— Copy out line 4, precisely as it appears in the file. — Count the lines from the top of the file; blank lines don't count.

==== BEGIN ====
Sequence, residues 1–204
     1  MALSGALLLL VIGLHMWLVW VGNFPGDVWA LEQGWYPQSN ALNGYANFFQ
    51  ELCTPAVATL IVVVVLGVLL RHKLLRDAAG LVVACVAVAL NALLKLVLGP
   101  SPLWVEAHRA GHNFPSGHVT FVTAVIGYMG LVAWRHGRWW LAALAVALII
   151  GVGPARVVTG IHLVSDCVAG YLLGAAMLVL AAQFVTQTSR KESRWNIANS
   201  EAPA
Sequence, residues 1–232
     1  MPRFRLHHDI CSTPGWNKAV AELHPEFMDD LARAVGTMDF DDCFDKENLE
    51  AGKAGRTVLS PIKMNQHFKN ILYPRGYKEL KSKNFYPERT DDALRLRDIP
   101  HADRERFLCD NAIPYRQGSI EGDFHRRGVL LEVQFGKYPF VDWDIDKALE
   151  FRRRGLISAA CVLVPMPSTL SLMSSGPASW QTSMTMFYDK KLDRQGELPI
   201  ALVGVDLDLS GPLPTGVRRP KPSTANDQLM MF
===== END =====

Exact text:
   101  SPLWVEAHRA GHNFPSGHVT FVTAVIGYMG LVAWRHGRWW LAALAVALII